Houston County canine officer wins national contest

Submitted photo Houston County K-9 Officer Trace Erickson and dog Roman recently competed at the National Police Canine Competition where the pair finished in first place.
Chad Smith

Lt. Trace Erickson of the Houston County Sherriff’s Department recently took first place in a national police canine competition earlier this month.

The National Field Trials and Certification event is put on by the United States Police Canine Association and takes place in Florida. Erickson, who lives just outside Rushford, said it’s a chance to compete with the “best-of-the-best” canine officers from across the country.

“You have to qualify with a high-enough score at a regional competition to be invited to the national contest,” Erickson said. “We qualified with a high-enough score and got to go up against the best canine officers from across the country. We went down representing a small law enforcement agency and won the whole thing.”

One reason police departments from all over the country send canine officers to these contests is for national certification, something that’s very important to their canine programs.

“It shows that our dogs are under control,” he said. “They’re fully functioning, above board, and they meet high standards. The U.S. Police Canine Association sets the highest standards in police certification because it’s been around 49 years and is accepted in all courts as the highest certification.”

The dogs are put through five different tests in these competitions. “There’s obedience, which dogs are scored on,” he said. “Then there’s agility, which is the dog’s ability to move around and over obstacles.

“There’s also scent work. That includes a suspect search, as well as an article search, in which someone holds two articles for 45 seconds, throws them into a 30-foot by 30-foot pad, and the dogs have to go retrieve them in a timed event.

“There’s also an apprehension part of the test. The dog has to show proficiency, in that as a decoy takes off running, the dog doesn’t move until it’s told to. There’s a recall part of the test, in that the dog takes off after a decoy and is then called back after about 18 yards. It shows that canines are the only use of force police have that we can call back. Once you fire a gun or taser, that’s it.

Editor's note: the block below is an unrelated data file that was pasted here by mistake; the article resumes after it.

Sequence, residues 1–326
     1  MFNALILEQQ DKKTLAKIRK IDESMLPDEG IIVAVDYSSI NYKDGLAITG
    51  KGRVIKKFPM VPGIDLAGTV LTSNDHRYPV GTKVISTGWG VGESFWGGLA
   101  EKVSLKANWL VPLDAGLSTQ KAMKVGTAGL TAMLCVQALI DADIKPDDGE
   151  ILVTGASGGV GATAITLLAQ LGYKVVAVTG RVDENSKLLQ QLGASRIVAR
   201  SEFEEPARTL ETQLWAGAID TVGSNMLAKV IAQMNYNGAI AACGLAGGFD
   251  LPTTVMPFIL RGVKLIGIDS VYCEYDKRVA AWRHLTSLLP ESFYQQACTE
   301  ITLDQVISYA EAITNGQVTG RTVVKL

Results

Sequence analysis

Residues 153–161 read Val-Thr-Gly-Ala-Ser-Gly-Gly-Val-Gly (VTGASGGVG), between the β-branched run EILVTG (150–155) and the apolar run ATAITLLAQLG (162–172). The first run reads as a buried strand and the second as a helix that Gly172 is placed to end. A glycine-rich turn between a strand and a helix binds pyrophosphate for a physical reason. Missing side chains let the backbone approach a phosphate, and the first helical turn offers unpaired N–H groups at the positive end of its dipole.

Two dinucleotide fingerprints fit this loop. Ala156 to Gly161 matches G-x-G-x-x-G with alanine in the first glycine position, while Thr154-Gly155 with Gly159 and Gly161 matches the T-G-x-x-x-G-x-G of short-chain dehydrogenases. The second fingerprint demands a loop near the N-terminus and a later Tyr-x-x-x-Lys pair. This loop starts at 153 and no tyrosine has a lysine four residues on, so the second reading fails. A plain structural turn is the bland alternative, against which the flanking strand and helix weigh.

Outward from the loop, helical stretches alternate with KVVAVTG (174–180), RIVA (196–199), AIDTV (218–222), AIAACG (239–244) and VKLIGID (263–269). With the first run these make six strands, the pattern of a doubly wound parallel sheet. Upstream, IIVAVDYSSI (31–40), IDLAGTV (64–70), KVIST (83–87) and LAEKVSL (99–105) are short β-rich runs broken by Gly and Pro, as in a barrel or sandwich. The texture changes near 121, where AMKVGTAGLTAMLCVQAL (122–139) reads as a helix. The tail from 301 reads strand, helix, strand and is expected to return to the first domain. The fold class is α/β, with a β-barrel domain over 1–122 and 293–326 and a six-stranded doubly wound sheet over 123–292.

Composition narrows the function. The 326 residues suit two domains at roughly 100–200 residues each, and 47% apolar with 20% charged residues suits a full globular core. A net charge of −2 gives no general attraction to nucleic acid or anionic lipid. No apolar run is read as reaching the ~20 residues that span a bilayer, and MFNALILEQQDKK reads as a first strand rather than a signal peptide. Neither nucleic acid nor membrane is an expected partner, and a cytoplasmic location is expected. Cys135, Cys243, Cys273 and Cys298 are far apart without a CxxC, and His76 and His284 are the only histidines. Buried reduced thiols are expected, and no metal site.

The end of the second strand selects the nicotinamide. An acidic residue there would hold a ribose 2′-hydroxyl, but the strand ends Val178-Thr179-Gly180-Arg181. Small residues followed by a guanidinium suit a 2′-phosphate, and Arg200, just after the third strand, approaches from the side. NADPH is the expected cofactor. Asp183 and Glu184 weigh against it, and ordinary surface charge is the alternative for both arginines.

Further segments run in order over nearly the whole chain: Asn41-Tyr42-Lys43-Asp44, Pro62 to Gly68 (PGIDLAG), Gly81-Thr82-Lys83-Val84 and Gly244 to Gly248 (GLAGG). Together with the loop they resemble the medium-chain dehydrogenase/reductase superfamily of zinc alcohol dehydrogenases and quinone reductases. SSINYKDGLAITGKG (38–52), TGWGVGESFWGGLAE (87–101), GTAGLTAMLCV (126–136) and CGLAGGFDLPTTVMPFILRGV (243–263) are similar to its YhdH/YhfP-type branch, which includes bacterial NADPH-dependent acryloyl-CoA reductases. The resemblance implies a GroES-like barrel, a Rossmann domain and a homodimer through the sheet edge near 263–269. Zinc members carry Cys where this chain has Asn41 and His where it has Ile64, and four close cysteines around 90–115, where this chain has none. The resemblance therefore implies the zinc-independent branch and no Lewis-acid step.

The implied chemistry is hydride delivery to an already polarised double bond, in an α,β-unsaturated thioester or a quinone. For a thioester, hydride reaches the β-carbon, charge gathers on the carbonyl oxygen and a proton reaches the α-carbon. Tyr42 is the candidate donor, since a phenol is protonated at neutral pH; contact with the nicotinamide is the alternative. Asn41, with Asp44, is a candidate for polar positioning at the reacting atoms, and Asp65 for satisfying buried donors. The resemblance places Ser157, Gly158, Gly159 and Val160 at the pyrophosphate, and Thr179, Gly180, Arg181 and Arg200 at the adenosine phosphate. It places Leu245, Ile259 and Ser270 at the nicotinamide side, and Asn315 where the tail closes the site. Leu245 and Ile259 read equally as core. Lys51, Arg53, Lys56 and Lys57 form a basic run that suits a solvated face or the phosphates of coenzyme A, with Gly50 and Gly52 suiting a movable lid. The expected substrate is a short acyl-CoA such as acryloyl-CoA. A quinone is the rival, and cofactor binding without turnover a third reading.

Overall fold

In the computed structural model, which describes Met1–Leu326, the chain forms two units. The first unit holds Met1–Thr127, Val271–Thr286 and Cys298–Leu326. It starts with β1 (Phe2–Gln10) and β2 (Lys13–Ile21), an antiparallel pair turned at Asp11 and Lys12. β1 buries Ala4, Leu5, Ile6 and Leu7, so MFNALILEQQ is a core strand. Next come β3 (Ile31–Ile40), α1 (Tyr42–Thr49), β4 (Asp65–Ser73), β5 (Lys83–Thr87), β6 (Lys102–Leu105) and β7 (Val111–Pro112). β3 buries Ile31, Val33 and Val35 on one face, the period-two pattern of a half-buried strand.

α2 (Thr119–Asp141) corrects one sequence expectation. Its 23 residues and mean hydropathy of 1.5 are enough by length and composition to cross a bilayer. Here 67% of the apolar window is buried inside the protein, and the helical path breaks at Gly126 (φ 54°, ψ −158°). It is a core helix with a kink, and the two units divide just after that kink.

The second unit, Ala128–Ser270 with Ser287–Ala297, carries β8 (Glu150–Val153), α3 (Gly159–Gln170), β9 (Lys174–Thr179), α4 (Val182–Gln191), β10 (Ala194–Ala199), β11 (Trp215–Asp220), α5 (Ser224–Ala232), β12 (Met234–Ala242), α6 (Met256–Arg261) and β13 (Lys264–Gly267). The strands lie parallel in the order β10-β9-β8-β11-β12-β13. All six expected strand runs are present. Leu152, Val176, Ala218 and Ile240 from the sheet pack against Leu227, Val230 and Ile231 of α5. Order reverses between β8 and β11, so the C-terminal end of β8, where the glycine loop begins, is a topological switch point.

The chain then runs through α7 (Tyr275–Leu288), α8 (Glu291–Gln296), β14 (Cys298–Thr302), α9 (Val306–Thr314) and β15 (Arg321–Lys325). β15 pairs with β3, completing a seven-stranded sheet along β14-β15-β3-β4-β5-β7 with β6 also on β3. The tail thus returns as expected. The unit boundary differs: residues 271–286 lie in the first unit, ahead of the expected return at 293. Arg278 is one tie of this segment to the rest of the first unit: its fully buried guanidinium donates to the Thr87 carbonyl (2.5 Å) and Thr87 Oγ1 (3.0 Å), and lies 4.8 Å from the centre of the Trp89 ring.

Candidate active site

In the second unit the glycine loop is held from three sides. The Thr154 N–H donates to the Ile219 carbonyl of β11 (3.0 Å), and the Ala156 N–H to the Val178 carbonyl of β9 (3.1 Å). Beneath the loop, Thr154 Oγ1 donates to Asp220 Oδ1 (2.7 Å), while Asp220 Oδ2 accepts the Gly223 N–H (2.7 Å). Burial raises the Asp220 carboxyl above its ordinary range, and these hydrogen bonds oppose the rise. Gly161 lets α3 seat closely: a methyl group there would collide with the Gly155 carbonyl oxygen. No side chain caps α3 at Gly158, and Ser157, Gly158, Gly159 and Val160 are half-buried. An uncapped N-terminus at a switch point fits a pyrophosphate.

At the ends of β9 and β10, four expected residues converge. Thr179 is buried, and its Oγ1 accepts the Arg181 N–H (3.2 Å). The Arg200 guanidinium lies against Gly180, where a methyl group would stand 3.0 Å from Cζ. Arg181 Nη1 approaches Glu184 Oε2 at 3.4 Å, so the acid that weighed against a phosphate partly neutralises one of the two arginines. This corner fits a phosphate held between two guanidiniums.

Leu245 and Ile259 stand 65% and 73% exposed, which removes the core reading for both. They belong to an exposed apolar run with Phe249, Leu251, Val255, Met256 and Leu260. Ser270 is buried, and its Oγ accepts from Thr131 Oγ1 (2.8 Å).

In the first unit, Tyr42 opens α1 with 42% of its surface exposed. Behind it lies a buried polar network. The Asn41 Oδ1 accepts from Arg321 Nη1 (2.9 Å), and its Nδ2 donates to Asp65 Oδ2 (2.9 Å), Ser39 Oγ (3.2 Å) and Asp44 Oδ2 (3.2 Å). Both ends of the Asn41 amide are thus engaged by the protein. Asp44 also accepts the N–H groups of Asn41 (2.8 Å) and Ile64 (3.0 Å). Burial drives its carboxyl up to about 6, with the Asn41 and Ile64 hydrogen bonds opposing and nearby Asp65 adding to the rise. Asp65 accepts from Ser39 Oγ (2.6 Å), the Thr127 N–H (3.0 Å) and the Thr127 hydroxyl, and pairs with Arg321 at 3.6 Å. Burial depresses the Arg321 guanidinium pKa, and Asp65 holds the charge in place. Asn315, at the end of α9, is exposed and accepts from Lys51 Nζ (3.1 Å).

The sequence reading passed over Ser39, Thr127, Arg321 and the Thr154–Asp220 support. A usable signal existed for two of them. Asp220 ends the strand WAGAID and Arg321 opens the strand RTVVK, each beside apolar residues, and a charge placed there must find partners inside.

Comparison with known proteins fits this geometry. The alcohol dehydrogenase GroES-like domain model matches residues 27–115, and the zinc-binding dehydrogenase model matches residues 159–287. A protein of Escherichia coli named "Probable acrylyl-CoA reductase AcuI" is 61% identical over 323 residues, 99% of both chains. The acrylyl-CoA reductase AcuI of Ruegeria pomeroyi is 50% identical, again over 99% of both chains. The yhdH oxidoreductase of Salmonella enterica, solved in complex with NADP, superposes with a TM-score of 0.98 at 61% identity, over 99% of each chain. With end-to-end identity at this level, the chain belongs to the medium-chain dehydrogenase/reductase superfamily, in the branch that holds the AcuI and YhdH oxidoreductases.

“After that is the actual apprehension test, where the decoy is chased and bitten (while wearing protective padding). When the handler tells the dog to let go, the canine has to immediately let go.”

The last part of the apprehension testing takes place under gunfire. Erickson said that shows the stability of the dog in a loud environment. “While blanks are fired in the background, the dog is sent after the decoy, releases at the handler’s command, and the decoy is searched,” he described. “During the search, the suspect ‘assaults’ the handler, the dog engages again, and then has to let go immediately when told to.”

There are 700 total points available in the competitions. Erickson and his canine “Roman” scored an amazing 692.8 to win the contest.

As a veteran canine officer, he spends a lot of his time training with the dogs he’s had over the years. It takes a lot of time to make sure the dog is 100 percent competent in the job, noting that “obedience and control” are the biggest keys to a successful canine. “We do something every day to keep Roman sharp,” he said.

“I didn’t start out intending to be a canine officer,” Erickson recalled. “That came a few years later. I’ve worked with several dogs for the Houston County Sherriff’s Office. We’ve received several awards for street work and certification. We’ve been very fortunate in Houston County in terms of the canines we’ve had over the years.”

Roman is a three-and-a-half-year-old Dutch Shepherd and the fourth police canine that Erickson has worked with during his career.

“This dog has been on the street a little over a year, and to win a national title like that is unbelievable,” he said. “He also does drug detection, and we use him to search vehicles and execute search warrants at different locations in the county.

“He can also do things like tracking, including searching for missing children. He can also help us track suspects and find lost hunters. Of course, he’ll also do protection work if someone attacked me. He can help us clear buildings. If someone breaks into a building, he can go in and search the building, keeping officers out of harm’s way.”

The Houston County Sherriff’s Office Canine Program received both regional and national certification with the team’s wins.

“We do these contests because we want people to know our canine program is proficient and above board,” he said. “We also won a national championship trophy too.”


Congrats to you both!